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Personal Finances / Living Below Your Means
|Subject: Re: Why Yes, My Kindle Does Save Me Money||Date: 10/5/2012 10:18 AM|
|Author: LaraAmber||Number: 867793 of 896151|
Absolutely. I got a kindle last year and I've probably spent way more on books then I was before. Some of the paperbacks that are 5.99 at Target are 8.99 on Kindle!! This pisses me off and many times I won't buy them just for that reason.
I do buy a lot of independent authors and free books, so some of it may balance out. Still. I went to the library the other day because I couldn't stomach the thought of paying 13.99 for a non-physical book. I think ebook pricing is currently WAY too high.
I agree on some titles that prices are too high. (I've paid $14 for an e-book, but those are non-fiction mostly science titles where I figure they aren't going to sell that many copies and years of research went into the work). I think the prices are going to start to drop, or hold steady while inflation goes up (so an effective drop).
First because several publishing houses just lost court cases on charges of price fixing and others are in the process. So the "we tell you what you can sell our books for" is going to go away and places like Amazon can get back to selling certain titles for a loss. Second, as library systems offer more and more e-book titles for borrowing consumers have the decision "do I buy this title or do I get it for free but have to wait to get it until the person in front of me returns it". I think a person is more likely to go ahead and pay $5 for the convenience of not waiting then $10. Third, the rise of smaller "presses" and self-publishing is going to put pressure on it as well. Why should I pay $15 for an ebook new release when I have so many other titles to read for $1-$3 and next year I can get the exact same e-book version for $8? A Possible Fourth, I wonder if Amazon Prime is going to test the waters on for-profit libraries. I'm getting to borrow 12 books a year for $79 (plus the two day shipping, etc). Would I and others be willing to pay an extra $25 for 24 or 36 books a year if they also drastically increased the selection? Especially if it meant getting to borrow books for "free" that library systems probably won't purchase for another year or longer?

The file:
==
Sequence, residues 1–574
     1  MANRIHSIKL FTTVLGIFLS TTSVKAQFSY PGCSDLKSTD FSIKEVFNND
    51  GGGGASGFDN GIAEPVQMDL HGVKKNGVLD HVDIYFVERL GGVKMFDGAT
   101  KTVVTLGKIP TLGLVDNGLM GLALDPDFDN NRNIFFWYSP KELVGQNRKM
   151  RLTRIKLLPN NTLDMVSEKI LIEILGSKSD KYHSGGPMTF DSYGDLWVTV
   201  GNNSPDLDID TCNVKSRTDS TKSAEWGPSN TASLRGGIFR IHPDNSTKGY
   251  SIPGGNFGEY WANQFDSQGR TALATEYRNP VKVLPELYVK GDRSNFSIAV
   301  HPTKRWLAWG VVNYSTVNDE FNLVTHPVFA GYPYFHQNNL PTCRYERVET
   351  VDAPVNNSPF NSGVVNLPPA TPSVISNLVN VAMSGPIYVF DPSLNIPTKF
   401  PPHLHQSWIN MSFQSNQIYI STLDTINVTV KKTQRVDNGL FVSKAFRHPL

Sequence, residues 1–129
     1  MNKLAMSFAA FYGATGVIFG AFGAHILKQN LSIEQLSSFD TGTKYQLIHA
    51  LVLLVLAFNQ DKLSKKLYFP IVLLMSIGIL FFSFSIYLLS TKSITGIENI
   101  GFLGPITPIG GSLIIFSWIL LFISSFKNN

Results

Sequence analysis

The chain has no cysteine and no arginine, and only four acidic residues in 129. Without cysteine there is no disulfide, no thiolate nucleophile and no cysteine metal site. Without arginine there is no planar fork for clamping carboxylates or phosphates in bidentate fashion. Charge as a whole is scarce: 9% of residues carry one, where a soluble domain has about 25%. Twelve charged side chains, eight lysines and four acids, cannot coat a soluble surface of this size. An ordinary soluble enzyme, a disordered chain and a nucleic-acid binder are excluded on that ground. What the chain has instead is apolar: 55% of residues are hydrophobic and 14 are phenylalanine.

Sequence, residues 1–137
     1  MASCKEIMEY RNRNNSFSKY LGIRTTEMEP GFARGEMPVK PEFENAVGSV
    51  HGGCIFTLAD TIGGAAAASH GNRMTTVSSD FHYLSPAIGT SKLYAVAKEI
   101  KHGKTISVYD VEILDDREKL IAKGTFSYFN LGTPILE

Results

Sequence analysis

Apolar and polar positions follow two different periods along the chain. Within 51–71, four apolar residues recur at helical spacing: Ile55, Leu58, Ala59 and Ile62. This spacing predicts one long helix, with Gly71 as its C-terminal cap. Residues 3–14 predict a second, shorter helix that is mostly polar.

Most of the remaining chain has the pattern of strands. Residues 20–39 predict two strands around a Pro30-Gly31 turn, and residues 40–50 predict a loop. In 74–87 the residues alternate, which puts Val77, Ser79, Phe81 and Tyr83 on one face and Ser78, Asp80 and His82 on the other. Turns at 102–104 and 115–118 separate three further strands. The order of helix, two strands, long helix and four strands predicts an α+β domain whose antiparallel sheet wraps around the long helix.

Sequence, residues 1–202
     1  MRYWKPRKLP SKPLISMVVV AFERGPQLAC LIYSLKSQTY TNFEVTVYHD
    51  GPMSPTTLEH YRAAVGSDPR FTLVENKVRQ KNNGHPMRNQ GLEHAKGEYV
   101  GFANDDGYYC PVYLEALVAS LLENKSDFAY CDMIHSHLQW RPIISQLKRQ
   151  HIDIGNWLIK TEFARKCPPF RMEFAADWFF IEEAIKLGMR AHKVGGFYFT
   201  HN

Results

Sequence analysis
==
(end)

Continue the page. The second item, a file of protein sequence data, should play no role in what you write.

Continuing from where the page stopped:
A friend of mine is in the middle of getting her Masters in Library Sciences and she's really liking the way libraries are looking to update themselves into "community hubs" instead of "old lady shushing you and driving the kids out". Our library system has completely revamped in the last few years and went from one of the worst library systems in the state to winning a national award in 2010. It has a cafe, a big indoor "quiet" play area for kids, comfy chairs, skylights and nice carpeting. They offer classes and workshops and even "homework hours" for the kids. It feels like a place you would want to just sit and read for a couple hours.
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